The offers have been everywhere this Christmas season, as in holiday seasons past: Apply now for a new credit card and get money back for today's purchases.
But, as Lauren Bornfriend of Mount Airy discovered last week, "instant credit" may not be as instant as you'd expect, or as it was during the freewheeling era that ended with last year's credit crunch.
If new rules proposed by the Federal Reserve go into effect as planned Feb. 22, those instant-credit offers might get a little tighter still.
At the very least, there may be some new wrinkles at the checkout counter - procedures, such as asking your annual income, that retailers worry will turn off customers and undercut the value of instant credit as a marketing tool and revenue source.
"Instant credit" wasn't the leading villain in the economic collapse. But it played a supporting role as America morphed from a nation of prudent savers and borrowers into a place where "leverage" became a financial device nearly anyone could use, not just the tool of sometimes foolhardy investment bankers.
Consumers leveraged their income to get credit cards and car loans, then leveraged home equity to pay off growing piles of debt. As we now know, far too many leveraged the exaggerated values of homes whose prices were inflated during the housing bubble.
Bornfriend, executive director of the Philadelphia Parks Alliance, was someone who long looked askance at the tide of credit offers. She has a couple of other general-purpose credit cards and pays them off each month. She believes the endless pitches entice consumers to buy things they don't really need.
But after repeatedly seeing the same promotion pop up during checkout on Amazon.com, she finally succumbed to an offer to get $30 back for her purchase - and later called Amazon and Consumer 9.0 to complain.
Bornfriend's beef was that the credit wasn't actually available instantly for the purchase she was making. She thought Amazon was locking her into buying something more to get her $30 discount. "It was saying one thing and giving another," she says.
Amazon says Bornfriend misunderstood the terms offered through its partnership with Chase Bank, which it says provides a $30 credit on a cardholder's first statement if credit isn't approved instantly. In Bornfriend's case, approval took a couple of days.
I can't re-create the pop-up window Bornfriend saw. But Amazon spokesman Craig Berman directed me to a similar pitch on the company's home page, and I can understand her confusion. It says, "Get the Amazon.com Visa Card instantly and you'll automatically get $30 back after your first purchase."
Bornfriend's ambivalence about instant credit puts her in good company. Consumer advocates and others concerned about rising debt have long warned that enticements to new credit encourage consumers to spend more than they can afford.
Those who rely on credit as a marketing tool see it differently. The National Retail Federation says instant-credit offers are a legitimate way to lure customers and promote loyalty, as Amazon tries to do with a card that generates triple-rewards points for Amazon.com purchases.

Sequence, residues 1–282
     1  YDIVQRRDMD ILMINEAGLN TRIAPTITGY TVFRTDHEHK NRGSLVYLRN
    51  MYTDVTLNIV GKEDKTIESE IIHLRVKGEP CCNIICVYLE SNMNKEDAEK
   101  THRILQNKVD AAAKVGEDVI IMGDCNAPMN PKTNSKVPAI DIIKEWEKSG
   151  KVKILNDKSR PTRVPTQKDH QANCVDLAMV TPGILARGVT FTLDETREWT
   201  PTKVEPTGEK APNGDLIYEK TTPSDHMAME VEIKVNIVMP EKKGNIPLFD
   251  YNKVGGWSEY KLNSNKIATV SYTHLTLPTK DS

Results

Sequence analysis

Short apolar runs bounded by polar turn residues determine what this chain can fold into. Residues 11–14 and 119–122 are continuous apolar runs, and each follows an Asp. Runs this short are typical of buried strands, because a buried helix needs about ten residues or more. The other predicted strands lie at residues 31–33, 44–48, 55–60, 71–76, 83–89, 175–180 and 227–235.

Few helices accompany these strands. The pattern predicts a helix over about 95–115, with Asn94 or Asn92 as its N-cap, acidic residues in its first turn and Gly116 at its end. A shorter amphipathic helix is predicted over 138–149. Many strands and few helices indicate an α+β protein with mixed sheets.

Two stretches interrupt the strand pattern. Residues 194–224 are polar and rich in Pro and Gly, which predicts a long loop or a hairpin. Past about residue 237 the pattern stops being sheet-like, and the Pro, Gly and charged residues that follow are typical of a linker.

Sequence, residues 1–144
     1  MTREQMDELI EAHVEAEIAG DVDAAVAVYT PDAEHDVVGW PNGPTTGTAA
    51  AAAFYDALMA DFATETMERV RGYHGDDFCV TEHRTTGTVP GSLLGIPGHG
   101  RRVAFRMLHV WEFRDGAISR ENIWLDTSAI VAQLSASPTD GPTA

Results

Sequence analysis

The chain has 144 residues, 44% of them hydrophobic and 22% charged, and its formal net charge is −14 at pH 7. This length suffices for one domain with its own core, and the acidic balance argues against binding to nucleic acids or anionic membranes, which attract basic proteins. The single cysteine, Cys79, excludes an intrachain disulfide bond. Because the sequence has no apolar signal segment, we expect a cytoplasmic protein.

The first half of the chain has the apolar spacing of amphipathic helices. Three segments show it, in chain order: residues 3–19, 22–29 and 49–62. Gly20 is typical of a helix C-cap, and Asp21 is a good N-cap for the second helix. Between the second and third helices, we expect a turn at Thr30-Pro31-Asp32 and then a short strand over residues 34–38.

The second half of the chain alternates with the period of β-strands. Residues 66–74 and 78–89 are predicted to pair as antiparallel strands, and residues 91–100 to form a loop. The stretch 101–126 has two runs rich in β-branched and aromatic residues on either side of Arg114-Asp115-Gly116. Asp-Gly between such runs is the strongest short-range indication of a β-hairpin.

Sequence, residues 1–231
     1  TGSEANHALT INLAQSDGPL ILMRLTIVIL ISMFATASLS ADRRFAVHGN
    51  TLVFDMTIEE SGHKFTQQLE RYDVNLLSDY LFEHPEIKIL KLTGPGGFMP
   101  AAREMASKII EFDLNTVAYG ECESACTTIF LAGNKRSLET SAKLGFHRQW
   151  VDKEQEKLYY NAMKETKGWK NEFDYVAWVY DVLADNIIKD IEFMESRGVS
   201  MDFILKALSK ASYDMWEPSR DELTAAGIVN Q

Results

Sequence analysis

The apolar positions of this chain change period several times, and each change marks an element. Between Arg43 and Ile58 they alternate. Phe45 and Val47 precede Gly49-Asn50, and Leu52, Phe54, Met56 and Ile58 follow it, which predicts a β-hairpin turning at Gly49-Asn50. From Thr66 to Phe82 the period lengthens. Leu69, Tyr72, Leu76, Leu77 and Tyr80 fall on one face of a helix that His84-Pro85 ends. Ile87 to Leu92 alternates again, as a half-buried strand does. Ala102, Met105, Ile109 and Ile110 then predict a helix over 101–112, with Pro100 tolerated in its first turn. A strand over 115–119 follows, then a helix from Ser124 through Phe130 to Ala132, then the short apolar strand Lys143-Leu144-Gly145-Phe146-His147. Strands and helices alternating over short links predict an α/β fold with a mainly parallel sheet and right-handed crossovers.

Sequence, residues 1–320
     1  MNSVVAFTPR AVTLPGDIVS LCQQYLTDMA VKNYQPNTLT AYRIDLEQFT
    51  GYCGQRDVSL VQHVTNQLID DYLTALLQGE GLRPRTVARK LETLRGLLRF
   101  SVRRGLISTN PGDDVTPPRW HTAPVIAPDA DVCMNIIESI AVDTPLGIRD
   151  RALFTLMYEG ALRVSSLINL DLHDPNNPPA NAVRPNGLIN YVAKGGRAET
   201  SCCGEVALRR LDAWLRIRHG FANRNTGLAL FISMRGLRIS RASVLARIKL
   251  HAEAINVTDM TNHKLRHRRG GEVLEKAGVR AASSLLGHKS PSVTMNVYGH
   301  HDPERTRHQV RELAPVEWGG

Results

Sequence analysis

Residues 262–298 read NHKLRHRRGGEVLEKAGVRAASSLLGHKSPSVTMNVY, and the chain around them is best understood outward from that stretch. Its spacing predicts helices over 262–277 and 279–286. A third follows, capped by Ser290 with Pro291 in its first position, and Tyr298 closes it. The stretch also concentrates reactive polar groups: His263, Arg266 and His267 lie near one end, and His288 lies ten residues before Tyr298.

Mallory Duncan, the federation's general counsel, says the Fed erred when it clamped down on checkout-line instant credit while devising rules to implement this year's new credit card law.
Duncan says retailers understand why Congress and regulators are finally insisting that lenders consider a prospective borrower's "ability to pay" before granting credit. The mortgage crisis, as we all now know, was fed by lenders who amazingly ignored that obvious standard and helped inflate the housing bubble with funny money.
"We didn't object to that," Duncan says. "Any reputable credit issuer does consider a borrower's ability to pay."
But Duncan argues that requiring income or asset information when a customer is applying for a small amount of instant credit at checkout, or trying to make a purchase that requires a modest bump in his or her credit limit, will scare away business.
"You can imagine the conversations," Duncan told me. " 'Sir, I can't approve this purchase until you tell me how much money you earn.' It's not a pleasant conversation."
Duncan makes a legitimate point - at least if you consider offering new credit cards as innocuous as a McDonald's worker asking if you want fries with that burger.
The trouble is, easy credit is a double-edged sword. It supports commerce and can help consumers through rough times - that is, when it doesn't leave them bleeding.
Without the new rules, instant credit can be granted with little basis beyond a quick check of a consumer's credit score - a distillation of borrowing history and payment performance. Even with them, consumer organizations point out, a retailer could grant credit without actually verifying a borrower's income or assets, the same lapse that led to many of today's bad mortgage loans.
The Fed's proposed rules say the mortgage market is different, because of that evidence from recent history. And Duncan does make a reasonable point that checkout-line grants of credit are typically small, especially compared with home loans.
But they add up. Patricia Hasson, executive director of Consumer Credit Counseling Service of Delaware Valley, says it's common for financially distressed clients to have a large number of small credit lines.
"Having small credit cards at five different retailers almost helps you avoid looking at your entire debt picture," says Hasson, whose nonprofit agency expects to see 24,000 clients this year, up 37 percent from 2008.
Facing a single monthly payment often makes people finally confront whether it's worth owing that much money, Hasson says.
It's a question anyone should ask before borrowing. Even in the checkout line.